Greetings, and welcome to this edition of Friday Rambles. Did everyone have a great holiday? Mine was quieter than expected due to snow and ice; we stayed home instead of driving out of state to visit family. Given how busy my life’s been the last six months, that was an unanticipated slice of heaven. I sat in front of the fire most of the day and wrote (I’m working on Matt Archer 3 at the moment, in addition to thinking through a serial novel I plan to launch in the second half of the year). After weeks of stress prepping for Christmas while in the midst of my busiest time at work, a day with nothing on the docket was just what I needed.
But what if those little moments of rest don’t come? How can you maintain your sanity in a society that is perpetually getting busier, faster and more complex? For me, I go old school.
My grandmother always said she was a terrible cook, evidenced by the fact that the rest of us fought over the last piece of fried chicken or spoonful of black-eyed peas like a band of ravening wolves. Modesty was her motto, and even if we argued the dinner was magnificent, she’d find some flaw to point out. See, Grandma was a perfectionist (gee, wonder where I got that personality trait), and did all of her cooking by hand. For big holiday meals, she’d spend twenty minutes chopping up five onions at the kitchen table. She didn’t know the trick about how to slice the onion into strips and dice it quickly, and no food processor was going to invade her kitchen. No, she carefully cut those onions up, one section at a time, into uniform pieces no matter how long it took.
This is also how she made pies.
Every Thanksgiving and Christmas, she’d mix and roll out her pie crust from scratch, make the chocolate pie filling…from scratch…and whip the meringue (she cheated here, using an electric hand mixer instead of stirring, thank goodness). Grandma would bake pecan pies and caramel pies and cobbler, too, all of it from the basic ingredients. I didn’t even know what canned pie-filling was until I saw it in the baking aisle at the grocery store when I was in high school.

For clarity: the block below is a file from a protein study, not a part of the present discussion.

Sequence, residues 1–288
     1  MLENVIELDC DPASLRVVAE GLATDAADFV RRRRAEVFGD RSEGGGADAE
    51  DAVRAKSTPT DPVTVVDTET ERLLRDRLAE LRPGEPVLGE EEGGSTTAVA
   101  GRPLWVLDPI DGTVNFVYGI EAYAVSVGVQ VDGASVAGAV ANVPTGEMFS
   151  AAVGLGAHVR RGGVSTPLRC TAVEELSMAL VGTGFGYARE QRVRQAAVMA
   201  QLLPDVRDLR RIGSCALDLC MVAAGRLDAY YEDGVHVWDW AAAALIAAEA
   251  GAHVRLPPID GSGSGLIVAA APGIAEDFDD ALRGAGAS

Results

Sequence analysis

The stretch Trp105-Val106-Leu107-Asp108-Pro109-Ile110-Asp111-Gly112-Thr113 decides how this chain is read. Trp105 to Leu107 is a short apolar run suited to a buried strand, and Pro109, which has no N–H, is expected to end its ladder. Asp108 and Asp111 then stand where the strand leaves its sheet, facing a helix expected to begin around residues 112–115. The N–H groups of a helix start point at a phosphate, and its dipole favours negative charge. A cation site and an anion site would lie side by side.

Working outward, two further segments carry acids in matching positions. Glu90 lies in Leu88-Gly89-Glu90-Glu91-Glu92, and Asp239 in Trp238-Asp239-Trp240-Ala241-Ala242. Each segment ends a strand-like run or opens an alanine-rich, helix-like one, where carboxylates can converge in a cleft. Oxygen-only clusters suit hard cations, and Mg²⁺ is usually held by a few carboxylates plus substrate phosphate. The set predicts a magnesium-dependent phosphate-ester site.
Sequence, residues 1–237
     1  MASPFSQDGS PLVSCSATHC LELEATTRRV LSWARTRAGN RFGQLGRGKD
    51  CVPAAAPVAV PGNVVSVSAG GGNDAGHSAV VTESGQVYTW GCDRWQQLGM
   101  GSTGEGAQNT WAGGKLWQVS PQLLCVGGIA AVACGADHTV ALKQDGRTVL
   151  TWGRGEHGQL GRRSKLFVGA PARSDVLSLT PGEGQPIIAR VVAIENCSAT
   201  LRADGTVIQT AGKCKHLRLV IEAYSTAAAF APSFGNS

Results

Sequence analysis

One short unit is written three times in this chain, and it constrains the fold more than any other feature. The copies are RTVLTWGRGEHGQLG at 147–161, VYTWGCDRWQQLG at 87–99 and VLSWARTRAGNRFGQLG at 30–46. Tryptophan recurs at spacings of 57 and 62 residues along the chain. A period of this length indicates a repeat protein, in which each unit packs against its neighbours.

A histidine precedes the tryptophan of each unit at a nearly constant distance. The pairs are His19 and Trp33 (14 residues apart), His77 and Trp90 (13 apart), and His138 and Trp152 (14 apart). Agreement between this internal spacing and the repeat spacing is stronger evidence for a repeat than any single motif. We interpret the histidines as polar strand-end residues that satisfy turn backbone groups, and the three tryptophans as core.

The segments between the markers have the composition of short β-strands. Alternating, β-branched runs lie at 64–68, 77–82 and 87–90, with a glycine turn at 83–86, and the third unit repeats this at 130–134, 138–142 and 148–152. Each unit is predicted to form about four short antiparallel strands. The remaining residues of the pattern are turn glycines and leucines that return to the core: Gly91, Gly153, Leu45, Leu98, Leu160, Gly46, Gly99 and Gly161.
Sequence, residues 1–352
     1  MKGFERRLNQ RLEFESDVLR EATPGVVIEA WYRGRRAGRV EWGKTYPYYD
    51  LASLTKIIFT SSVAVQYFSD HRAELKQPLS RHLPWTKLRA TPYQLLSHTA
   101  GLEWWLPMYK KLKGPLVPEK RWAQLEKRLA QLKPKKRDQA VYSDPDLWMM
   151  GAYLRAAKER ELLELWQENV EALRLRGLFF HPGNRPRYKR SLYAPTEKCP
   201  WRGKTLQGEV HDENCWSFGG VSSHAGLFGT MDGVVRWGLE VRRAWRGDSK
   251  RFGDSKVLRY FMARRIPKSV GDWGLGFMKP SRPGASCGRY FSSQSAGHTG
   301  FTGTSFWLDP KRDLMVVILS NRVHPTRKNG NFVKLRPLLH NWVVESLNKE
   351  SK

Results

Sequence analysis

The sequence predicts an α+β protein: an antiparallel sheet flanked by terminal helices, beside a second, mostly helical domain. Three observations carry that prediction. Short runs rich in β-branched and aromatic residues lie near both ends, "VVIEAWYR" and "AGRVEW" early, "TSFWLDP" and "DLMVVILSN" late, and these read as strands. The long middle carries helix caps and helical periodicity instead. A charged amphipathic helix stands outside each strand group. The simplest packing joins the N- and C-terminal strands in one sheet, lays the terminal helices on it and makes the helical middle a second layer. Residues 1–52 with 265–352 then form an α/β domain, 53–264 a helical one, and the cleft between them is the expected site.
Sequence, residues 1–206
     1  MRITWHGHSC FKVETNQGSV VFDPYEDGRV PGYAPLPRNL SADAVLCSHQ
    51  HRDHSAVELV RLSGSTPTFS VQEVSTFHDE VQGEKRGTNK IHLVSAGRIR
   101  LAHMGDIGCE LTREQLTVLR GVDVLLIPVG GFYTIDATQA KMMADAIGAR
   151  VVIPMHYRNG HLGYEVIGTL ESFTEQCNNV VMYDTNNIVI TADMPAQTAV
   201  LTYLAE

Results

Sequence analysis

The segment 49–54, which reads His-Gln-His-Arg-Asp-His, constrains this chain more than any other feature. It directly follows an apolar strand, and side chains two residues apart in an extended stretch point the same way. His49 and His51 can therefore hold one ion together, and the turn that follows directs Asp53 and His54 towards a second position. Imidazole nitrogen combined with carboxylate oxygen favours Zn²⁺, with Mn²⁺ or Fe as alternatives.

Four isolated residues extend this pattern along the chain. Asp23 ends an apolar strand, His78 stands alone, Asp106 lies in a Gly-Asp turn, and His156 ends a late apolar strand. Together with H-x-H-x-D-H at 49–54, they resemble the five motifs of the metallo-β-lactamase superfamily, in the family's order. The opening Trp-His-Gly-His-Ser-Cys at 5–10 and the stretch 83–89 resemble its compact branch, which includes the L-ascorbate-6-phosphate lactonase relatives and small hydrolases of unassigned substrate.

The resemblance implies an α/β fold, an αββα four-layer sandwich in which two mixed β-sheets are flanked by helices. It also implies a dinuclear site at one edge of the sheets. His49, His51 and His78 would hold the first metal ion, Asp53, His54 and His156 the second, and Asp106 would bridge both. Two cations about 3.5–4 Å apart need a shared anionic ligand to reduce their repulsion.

Grandma taught me to bake, and once I got the hang of it, I never looked at boxed mixes again. There’s something so therapeutic about working flour and Crisco into dough that’s still dry enough to be flaky without falling apart, fighting to roll it out so that it doesn’t crumble and carefully transferring it from the baking parchment to the pie dish. Baking is chemistry, artistry and magic. Whether it’s cookies or a double-crust apple tart, you have to work with your dough, through trial and error, to figure out the little quirks that will make it perfect. And there’s gratification in the end-result–a well-made pie doesn’t last very long.
Books are like that, too. It takes an author a lot of time (and some chemistry, artistry and magic) to create a novel, and the end result–if the story is done right–is devoured quickly, but with great enjoyment.
What about you? Do you love baking? Hate it? Any other holiday stress relievers to share?